The Porfirian era (''el [[Porfirio Díaz|Porfiriato]]''), in the last quarter of the 19th century and the first decade of the 20th century, was marked by economic progress and peace. After four decades of civil unrest and war, Mexico saw the development of philosophy and the arts, promoted by President Díaz himself. Since that time, as accentuated during the [[Mexican Revolution]], cultural identity has had its foundation in the ''mestizaje'', of which the indigenous (i.e. Amerindian) element is the core. In light of the various ethnicities that formed the Mexican people, [[José Vasconcelos]] in his publication ''La Raza Cósmica'' (The Cosmic Race) (1925) defined Mexico to be the melting pot of all races (thus extending the definition of the ''mestizo'') not only biologically but culturally as well.<ref name="vasconcelos160">{{Cite book|last=Vasconcelos|first=José|coauthors=Didier T. Jaén (translator)|title=La Raza Cósmica (The Cosmic Race)|publisher=The Johns Hopkins University Press|year=1997|isbn=0-8018-5655-8|page=160 }}</ref> This exalting of ''mestizaje'' was a revolutionary idea that sharply contrasted with the idea of a superior pure race prevalent in Europe at the time.{{Citation needed|date=July 2011}}
{{Main|Mexican literature|Mesoamerican literature}}
[[File:Sor Juana by Miguel Cabrera.png|thumb|upright|A late 18th century painting of [[Juana Inés de la Cruz]], Mexican poet and writer.]]
The literature of Mexico has its antecedents in the literatures of the indigenous settlements of Mesoamerica. The most well known prehispanic poet is [[Nezahualcoyotl]]. Modern Mexican literature was influenced by the concepts of the Spanish colonialization of [[Mesoamerica]]. Outstanding colonial writers and poets include [[Juan Ruiz de Alarcón]] and [[Juana Inés de la Cruz]].
In light of the various ethnicities that formed the Mexican people, [[José Vasconcelos]] in his publication [[La Raza Cósmica]] (The Cosmic Race) (1925) defined Mexico to be the melting pot of all races, biologically as well as culturally.<ref name="vasconcelos160"/>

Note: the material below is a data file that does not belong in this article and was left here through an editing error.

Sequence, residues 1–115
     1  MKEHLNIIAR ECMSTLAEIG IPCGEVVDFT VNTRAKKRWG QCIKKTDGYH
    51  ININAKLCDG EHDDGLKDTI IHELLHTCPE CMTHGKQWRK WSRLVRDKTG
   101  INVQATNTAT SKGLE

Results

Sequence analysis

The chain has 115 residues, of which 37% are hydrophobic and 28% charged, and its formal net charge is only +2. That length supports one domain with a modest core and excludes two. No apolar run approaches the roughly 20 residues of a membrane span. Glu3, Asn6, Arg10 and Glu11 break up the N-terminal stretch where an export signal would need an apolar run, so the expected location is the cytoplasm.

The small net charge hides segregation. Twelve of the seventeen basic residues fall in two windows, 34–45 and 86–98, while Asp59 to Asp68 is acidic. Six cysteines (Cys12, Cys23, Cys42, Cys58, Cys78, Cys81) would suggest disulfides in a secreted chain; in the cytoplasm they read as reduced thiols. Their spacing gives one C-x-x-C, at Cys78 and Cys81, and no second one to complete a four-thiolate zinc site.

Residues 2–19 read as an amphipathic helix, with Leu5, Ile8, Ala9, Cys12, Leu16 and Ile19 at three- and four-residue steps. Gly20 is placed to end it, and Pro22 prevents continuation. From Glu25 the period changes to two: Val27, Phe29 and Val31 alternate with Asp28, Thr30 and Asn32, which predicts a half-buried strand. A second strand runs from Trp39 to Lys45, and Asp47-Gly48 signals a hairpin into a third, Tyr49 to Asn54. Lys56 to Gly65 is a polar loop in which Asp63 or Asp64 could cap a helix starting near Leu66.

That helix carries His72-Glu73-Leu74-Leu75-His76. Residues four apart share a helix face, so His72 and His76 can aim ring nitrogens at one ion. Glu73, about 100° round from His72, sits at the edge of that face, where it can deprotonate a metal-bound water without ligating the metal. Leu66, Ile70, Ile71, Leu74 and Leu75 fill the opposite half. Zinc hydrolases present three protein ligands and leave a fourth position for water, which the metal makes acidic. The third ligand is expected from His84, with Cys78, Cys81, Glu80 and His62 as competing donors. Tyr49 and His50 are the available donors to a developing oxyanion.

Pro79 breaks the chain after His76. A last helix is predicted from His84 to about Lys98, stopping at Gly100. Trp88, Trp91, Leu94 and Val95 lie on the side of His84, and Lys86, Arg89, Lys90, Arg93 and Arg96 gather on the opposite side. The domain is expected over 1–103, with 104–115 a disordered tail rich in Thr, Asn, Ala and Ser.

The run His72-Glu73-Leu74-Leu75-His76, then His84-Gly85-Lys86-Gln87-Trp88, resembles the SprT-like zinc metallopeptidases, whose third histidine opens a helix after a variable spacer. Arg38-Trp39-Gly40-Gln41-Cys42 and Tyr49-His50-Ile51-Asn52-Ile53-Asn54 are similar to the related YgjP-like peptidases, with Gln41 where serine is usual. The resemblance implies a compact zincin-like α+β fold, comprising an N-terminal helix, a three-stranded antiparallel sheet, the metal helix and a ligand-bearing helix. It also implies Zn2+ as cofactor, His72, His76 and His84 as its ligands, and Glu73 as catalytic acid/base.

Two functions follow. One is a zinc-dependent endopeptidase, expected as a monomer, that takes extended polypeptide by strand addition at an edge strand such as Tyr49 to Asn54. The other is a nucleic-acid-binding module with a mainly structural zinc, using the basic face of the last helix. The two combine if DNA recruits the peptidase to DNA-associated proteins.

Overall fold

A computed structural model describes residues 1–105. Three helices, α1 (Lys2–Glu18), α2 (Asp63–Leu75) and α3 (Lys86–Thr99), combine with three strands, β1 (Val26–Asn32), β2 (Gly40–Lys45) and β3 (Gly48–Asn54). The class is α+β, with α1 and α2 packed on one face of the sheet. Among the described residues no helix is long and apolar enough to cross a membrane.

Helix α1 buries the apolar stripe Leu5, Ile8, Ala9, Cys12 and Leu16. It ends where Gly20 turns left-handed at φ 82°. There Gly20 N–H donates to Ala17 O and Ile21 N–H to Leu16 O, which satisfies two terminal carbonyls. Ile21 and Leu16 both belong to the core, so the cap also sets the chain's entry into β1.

Other writers include [[Alfonso Reyes]], [[José Joaquín Fernández de Lizardi]], [[Ignacio Manuel Altamirano]], [[Carlos Fuentes]], [[Octavio Paz]] (Nobel Laureate), [[Renato Leduc]], [[Carlos Monsiváis]], [[Elena Poniatowska]], [[Mariano Azuela]] ("Los de abajo") and [[Juan Rulfo]] ("Pedro Páramo"). [[Bruno Traven]] wrote "Canasta de cuentos mexicanos", "El tesoro de la Sierra Madre."
===Visual arts===
{{See also|Mexican art}}
[[File:Palacio de las Bellas Artes (Mexico City).jpg|thumb|right|The [[Palacio de Bellas Artes|Palace of Fine Arts]] in Mexico City]]
Post-revolutionary art in Mexico had its expression in the works of renowned artists such as [[Frida Kahlo]], [[Diego Rivera]], [[José Clemente Orozco]], [[Rufino Tamayo]], [[Federico Cantú Garza]], [[David Alfaro Siqueiros]] and [[Juan O'Gorman]]. Diego Rivera, the most well-known figure of Mexican muralism, painted the [[Man at the Crossroads]] at the [[Rockefeller Center]] in New York City, a huge mural that was destroyed the next year due to the inclusion of a portrait of Russian communist leader [[Vladimir Lenin|Lenin]].<ref>{{cite web|title=Rockefeller Controversy|publisher=Diego Rivera Prints|url=http://www.diego-rivera.org/rockefellercontroversy.html|accessdate=October 2, 2007}}</ref> Some of Rivera's murals are displayed at the Mexican [[National Palace (Mexico)|National Palace]] and the [[Palacio de Bellas Artes|Palace of Fine Arts]].
[[Mesoamerican architecture]] is mostly noted for its pyramids which are the largest such structures outside of Ancient Egypt.{{Citation needed|date=July 2011}} [[Spanish Colonial architecture]] is marked by the contrast between the simple, solid construction demanded by the new environment and the Baroque ornamentation exported from Spain.{{Citation needed|date=July 2011}} Mexico, as the center of New Spain has some of the most renowned buildings built in this style.
===Cinema and media===
{{Main|Cinema of Mexico}}